If you've seen Bravo's Million Dollar Listing, you've probably heard of Fredrik Eklund. For the past 11 years, Eklund has been the most successful residential real estate agent in New York, selling more than $2 billion worth. How did he become such a successful salesman?

In Eklund's 2015 New York Times best-selling bookThe Sell: The Secrets of Selling Anything to Anyone, he explains his secret to success. In the chapter "Pitch Perfect," he even outlines the four steps he uses to set up a sale.

  1. Establish credibility

  2. Create urgency while saying positive things

  3. Instill confidence in a dialogue, not a monologue

  4. Establish a friendly dream while creating a little more urgency

However, his meta-analysis of his techniques doesn't fully explain why the pitches work. To truly understand Eklund's mastery of the sales pitch, I consulted Robert Cialdini's groundbreaking book on the principles of persuasion, Influence, and his follow-up bestseller, Pre-Suasion.

Below, I break down Eklund's steps to understand how he uses the principles of persuasion to get people to buy real estate before they even see the property.

1. Establish credibility.

Before Eklund ever meets a client in person, he develops the right conditions for pre-suasion. Pre-suasion is what Cialdini considers setting up the right conditions so that someone will say yes to your request.

When a client emails about a certain property, Eklund responds by saying he will call them to discuss--but keeps them waiting. By taking his time to call back, Eklund encourages the idea of scarcity in the client.

According to Cialdini, scarcity language increases the importance of an object and makes us want it more. Fredrik's unavailability for a few minutes makes the client feel that Eklund's attention is important.

Meanwhile, Eklund sets the stage for the client to trust him as an expert. According to Cialdini, we trust the opinions and advice of people we consider authorities. Eklund's email signature includes this testimonial: "The number one agent in New York by The Real Deal magazine."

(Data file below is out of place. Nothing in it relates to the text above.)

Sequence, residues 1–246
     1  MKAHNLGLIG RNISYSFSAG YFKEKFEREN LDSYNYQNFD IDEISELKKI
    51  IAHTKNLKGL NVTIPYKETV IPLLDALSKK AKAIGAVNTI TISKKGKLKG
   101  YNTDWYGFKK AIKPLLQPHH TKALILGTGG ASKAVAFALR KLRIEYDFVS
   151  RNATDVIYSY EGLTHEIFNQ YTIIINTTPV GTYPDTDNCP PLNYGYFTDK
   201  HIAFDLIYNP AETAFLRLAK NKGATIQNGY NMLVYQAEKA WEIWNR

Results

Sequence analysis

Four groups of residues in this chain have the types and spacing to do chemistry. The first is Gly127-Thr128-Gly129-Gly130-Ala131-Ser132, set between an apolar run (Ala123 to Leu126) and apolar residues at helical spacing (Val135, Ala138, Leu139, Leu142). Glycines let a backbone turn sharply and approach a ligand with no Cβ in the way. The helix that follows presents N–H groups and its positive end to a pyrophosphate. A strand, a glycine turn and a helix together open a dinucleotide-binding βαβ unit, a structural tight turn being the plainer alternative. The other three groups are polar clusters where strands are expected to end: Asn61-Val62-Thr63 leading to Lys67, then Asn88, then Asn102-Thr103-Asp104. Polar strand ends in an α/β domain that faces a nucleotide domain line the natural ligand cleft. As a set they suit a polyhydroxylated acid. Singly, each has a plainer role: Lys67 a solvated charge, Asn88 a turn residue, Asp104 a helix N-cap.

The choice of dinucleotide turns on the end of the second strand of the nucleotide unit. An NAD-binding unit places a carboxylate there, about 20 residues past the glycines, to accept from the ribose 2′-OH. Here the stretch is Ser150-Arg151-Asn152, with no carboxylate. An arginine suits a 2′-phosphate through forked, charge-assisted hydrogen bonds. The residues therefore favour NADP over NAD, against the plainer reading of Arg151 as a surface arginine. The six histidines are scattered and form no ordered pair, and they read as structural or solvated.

Before Eklund even talks to the client, he has pre-suaded the client that his time is an important resource and that he is an expert in real estate.

2. Create urgency while saying positive things.

Next, Eklund establishes trust with the client by getting the client to like him. According to the principle of liking, Cialdini says, we trust people that we like--and who say they like us.

Eklund gets clients to like him by finding common ground in the first phone conversation and by complimenting the person for being so smart about real estate. Moreover, he goes a step further and tells the potential buyer, "I like you."

By building this rapport, Eklund has gained the client's trust before they even meet in person or the client has visited the property.

3. Instill confidence in a dialogue, not a monologue.

When Eklund meets the client the next day to see a property, he uses the principle of social proof to convince the buyer of the value of the property before they even step foot in the door.

Social proof, according to Cialdini, is a shortcut for the decision-making process. If many people are doing the same thing, we are likely to think that action is a good choice. This is why we buy books from bestseller lists and pay attention to Rotten Tomatoes scores. In Pre-Suasion, Cialdini notes that restaurants that identify the most popular dishes on the menu see increases in the ordering of those dishes by up to 20 percent.

Eklund establishes social proof by informing the client how many sales he has done recently and how many people are buying property these days. Having social proof, the client is more likely to believe buying real estate from Eklund is an acceptable decision to make.

4. Establish a friendly dream while creating a little more urgency.

Finally, while showing the property, Eklund returns to the principles of liking and scarcity to solidify trust in his advice and to create more urgency for the sale. First, Eklund talks about the good qualities of the place, but emphasizes the property is so nice the seller might change their mind (giving the message: Buy now, before the seller changes their mind).

While he details the many qualities of the property, Eklund also continues to emphasize the principle of liking to keep the trust of the buyer. He asks the buyer lots of questions, showing interest in their life and what they do.

By the time the property viewing is over, the buyer not only likes and trusts Eklund, but the buyer also desires the property more, seeing it as a scarce resource.

Eklund's techniques are not new or unique, but if you follow his method of presentation you can pre-suade your own clients to say yes before they even see a product.